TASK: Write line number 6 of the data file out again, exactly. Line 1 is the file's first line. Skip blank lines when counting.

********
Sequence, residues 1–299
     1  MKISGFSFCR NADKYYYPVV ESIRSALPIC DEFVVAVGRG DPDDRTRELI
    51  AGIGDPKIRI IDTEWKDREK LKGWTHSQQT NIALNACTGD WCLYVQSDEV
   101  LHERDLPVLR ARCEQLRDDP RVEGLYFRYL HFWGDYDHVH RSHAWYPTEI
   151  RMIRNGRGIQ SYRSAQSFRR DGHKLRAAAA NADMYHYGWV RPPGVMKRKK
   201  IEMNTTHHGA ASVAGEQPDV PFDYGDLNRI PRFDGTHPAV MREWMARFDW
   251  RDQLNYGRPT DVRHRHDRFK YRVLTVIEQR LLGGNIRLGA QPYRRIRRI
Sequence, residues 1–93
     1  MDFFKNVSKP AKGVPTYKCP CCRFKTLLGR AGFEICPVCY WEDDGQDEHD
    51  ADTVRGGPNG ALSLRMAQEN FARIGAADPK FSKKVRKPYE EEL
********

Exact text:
   201  IEMNTTHHGA ASVAGEQPDV PFDYGDLNRI PRFDGTHPAV MREWMARFDW